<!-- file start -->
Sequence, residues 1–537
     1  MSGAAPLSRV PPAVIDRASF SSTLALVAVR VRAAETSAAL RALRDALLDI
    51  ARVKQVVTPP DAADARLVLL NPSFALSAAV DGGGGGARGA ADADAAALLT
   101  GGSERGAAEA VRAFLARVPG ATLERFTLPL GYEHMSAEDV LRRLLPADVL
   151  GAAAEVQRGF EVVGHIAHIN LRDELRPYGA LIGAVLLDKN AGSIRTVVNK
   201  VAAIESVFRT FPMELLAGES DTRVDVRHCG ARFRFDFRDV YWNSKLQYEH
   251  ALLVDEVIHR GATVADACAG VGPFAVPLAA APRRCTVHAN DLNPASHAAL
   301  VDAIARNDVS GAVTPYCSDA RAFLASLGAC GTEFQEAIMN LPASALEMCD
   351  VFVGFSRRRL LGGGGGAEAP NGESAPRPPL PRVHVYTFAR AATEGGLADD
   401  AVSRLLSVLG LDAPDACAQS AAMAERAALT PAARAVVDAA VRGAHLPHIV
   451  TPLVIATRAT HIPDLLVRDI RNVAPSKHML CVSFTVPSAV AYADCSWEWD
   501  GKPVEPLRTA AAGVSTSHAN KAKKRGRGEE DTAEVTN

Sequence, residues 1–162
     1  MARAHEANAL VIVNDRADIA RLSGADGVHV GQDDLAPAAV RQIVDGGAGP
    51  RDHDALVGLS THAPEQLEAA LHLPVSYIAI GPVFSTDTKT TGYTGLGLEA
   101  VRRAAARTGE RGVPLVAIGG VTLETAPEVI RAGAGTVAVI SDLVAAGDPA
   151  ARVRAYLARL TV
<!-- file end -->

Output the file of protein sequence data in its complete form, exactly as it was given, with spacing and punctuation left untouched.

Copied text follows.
Sequence, residues 1–537
     1  MSGAAPLSRV PPAVIDRASF SSTLALVAVR VRAAETSAAL RALRDALLDI
    51  ARVKQVVTPP DAADARLVLL NPSFALSAAV DGGGGGARGA ADADAAALLT
   101  GGSERGAAEA VRAFLARVPG ATLERFTLPL GYEHMSAEDV LRRLLPADVL
   151  GAAAEVQRGF EVVGHIAHIN LRDELRPYGA LIGAVLLDKN AGSIRTVVNK
   201  VAAIESVFRT FPMELLAGES DTRVDVRHCG ARFRFDFRDV YWNSKLQYEH
   251  ALLVDEVIHR GATVADACAG VGPFAVPLAA APRRCTVHAN DLNPASHAAL
   301  VDAIARNDVS GAVTPYCSDA RAFLASLGAC GTEFQEAIMN LPASALEMCD
   351  VFVGFSRRRL LGGGGGAEAP NGESAPRPPL PRVHVYTFAR AATEGGLADD
   401  AVSRLLSVLG LDAPDACAQS AAMAERAALT PAARAVVDAA VRGAHLPHIV
   451  TPLVIATRAT HIPDLLVRDI RNVAPSKHML CVSFTVPSAV AYADCSWEWD
   501  GKPVEPLRTA AAGVSTSHAN KAKKRGRGEE DTAEVTN

Sequence, residues 1–162
     1  MARAHEANAL VIVNDRADIA RLSGADGVHV GQDDLAPAAV RQIVDGGAGP
    51  RDHDALVGLS THAPEQLEAA LHLPVSYIAI GPVFSTDTKT TGYTGLGLEA
   101  VRRAAARTGE RGVPLVAIGG VTLETAPEVI RAGAGTVAVI SDLVAAGDPA
   151  ARVRAYLARL TV